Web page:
The 2-week wait from an embryo transfer to when you can take a pregnancy test can feel like an eternity. Between checking your panties for implantation bleeding to poking your breasts to see how tender they are, you can experience a lot of anxiety and stress wondering if any possible symptom could equate to a positive pregnancy test. And although some symptoms may point to a successful procedure, they can also be related to the fertility drugs and other medications you’re taking to get pregnant.
“In general, there are no specific signs that an embryo transfer has been successful until the pregnancy test itself,” says Dr. Tanmoy Mukherjee, a reproductive endocrinologist and infertility specialist at RMA of New York. That’s because the estrogen and progesterone commonly taken before the embryo transfer, and the progesterone taken after the transfer, mimic the bloating, sore breasts, and discharge of pregnancy.
However, many people still keep a close eye on any positive sign that may indicate a successful embryo transfer. And while you may experience some or none of these symptoms, it’s important to understand their roles in the process.
A positive embryo transfer indicates a successful conception, which means your pregnancy has begun. Therefore, the signs and symptoms of a positive embryo transfer are almost the same as the early signs of pregnancy. After the embryo is implanted in the uterus and pregnancy begins, you can expect to experience changes in your body. Here are some signs that your embryo transfer has been successful:
. Pelvic pain and discomfort – You will experience mild to moderate discomfort and cramping in the abdomen, lower back, and pelvis. These are known as implantation cramping. These signs and symptoms may be similar to menstrual cramps.
. Sore and swollen breasts – You can expect certain changes in your areola and nipples. Most women experience some breast pain and swelling.
. Fatigue – It is common to feel tired and sleepy during pregnancy. However, you may feel extremely tired after the embryo transfer due to changes in hormone levels. You will feel very sleepy or tired, especially after eating a meal.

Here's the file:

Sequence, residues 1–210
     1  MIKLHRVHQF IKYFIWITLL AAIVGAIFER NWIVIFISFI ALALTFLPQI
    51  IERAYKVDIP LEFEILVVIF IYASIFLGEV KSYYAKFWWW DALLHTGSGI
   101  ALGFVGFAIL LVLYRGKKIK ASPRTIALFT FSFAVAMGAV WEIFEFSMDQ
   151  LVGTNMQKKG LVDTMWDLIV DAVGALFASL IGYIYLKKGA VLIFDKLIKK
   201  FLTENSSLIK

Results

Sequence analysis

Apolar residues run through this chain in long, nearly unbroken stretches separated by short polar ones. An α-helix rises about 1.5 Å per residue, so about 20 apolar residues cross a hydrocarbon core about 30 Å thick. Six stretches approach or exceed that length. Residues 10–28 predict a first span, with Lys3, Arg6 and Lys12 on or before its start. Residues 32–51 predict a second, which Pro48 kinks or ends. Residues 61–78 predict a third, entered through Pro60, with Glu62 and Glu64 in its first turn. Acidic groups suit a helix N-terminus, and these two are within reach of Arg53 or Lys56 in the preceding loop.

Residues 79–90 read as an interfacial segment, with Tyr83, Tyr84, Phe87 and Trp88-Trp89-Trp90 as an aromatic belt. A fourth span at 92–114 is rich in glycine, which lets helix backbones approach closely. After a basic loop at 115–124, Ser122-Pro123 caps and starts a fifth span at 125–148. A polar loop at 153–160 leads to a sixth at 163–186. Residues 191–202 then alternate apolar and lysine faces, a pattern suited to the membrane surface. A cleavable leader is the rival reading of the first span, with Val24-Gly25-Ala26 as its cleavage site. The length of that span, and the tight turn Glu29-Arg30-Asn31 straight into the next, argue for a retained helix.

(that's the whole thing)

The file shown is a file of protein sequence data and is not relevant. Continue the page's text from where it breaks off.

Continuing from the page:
. Nausea and vomiting – In the later stages of embryo transfer, you may experience mild levels of nausea and even vomiting. Commonly known as morning sickness, these symptoms are usually seen in the early days of pregnancy.
. Food Aversions – After a successful embryo transfer, aversion to certain foods and smells is normal.
. Changes in vaginal discharge – A positive embryo transfer can lead to increased vaginal discharge due to changes in hormone levels. The extra amount of vaginal discharge helps maintain the optimal state of the endometrium for implantation.
. Light bleeding or Spotting – Sometimes, you may also experience light bleeding halfway (7 days) through the two weeks. It is known as implantation bleeding.
. Increased urge to urinate – hCG pregnancy hormones are injected during the IVF cycle. These hormones can cause frequent urination in women. An increased urge to urinate is also one of the symptoms of pregnancy.
. Missed period – Missing your periods after an embryo transfer is a sign of successful implantation and indicates that pregnancy has begun.
. No symptoms – Some women may also experience no symptoms of frozen embryo transfer. Having no symptoms does not mean that your embryo transfer has failed.
If, after reading this list, you realize that none of these apply, don’t worry. Just because you’re not experiencing specific symptoms, doesn’t mean the embryo transfer wasn’t successful.
“The presence or absence of these symptoms are nonspecific and do not predict pregnancy outcome,” says Mukherjee. The listed symptoms, he says, are most commonly the result of estrogen and progesterone administration.
“In fact, 10 to 15 percent of patients have no symptoms at all, but still thankfully have a positive pregnancy test,” he adds. The only for-sure way to know if your embryo transfer worked is a positive pregnancy test.
We know you’re eager to see those two lines or a plus sign. But test too soon after an embryo transfer, and you risk being disappointed — not to mention, out $15 for the cost of the test. Ideally, you should wait until you’ve missed your period. This will give you the most accurate results. But let’s be honest — it’s hard to be patient. So, if you’re itching to test, wait at least 10 days after the transfer.
More specifically, Mukherjee says the embryo will attach within 48 to 72 hours after the transfer. The growing embryo will then increase in size and metabolic activity, producing more hCG until it can be reliably detected 9 to 10 days after embryo transfer. This is why your clinic will likely schedule an hCG blood test around this time.
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